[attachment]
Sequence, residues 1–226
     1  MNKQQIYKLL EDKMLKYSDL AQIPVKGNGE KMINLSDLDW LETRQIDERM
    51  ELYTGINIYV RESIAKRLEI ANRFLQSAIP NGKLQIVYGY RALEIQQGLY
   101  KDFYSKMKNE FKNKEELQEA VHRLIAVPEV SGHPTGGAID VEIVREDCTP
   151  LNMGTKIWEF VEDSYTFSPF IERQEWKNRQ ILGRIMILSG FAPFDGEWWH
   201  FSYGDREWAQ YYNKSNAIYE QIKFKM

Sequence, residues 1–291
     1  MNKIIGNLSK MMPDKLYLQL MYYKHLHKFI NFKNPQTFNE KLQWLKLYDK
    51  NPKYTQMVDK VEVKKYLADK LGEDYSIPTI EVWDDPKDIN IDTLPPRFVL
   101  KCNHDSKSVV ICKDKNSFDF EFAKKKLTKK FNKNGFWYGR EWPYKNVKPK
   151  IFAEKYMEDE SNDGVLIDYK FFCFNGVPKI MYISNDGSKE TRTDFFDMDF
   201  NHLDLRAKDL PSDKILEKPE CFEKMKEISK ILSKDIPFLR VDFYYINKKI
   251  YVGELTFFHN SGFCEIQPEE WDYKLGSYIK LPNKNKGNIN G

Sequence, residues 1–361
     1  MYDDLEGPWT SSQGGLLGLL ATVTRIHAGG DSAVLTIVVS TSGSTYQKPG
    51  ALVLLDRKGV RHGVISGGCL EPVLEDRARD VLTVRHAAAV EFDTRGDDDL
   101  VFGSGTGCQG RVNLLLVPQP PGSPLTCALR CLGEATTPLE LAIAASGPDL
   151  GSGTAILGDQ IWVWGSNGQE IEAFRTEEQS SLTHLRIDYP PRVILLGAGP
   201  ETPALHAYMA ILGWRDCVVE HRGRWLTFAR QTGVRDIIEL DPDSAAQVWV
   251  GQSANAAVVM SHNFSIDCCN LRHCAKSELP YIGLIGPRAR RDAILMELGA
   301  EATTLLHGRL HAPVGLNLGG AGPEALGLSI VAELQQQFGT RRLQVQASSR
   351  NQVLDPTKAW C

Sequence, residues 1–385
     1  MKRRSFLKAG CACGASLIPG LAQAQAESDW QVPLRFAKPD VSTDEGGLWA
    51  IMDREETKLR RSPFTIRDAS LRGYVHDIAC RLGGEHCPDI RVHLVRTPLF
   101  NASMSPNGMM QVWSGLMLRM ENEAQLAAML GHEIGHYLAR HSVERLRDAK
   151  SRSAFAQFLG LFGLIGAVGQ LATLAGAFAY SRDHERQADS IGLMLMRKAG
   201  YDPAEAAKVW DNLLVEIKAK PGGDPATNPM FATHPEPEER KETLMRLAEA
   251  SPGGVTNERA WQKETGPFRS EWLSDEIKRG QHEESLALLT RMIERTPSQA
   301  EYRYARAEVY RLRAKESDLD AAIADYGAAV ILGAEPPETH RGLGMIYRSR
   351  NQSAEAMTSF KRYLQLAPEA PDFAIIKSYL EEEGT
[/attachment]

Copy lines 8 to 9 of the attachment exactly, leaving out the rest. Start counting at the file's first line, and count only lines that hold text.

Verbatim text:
     1  MNKIIGNLSK MMPDKLYLQL MYYKHLHKFI NFKNPQTFNE KLQWLKLYDK
    51  NPKYTQMVDK VEVKKYLADK LGEDYSIPTI EVWDDPKDIN IDTLPPRFVL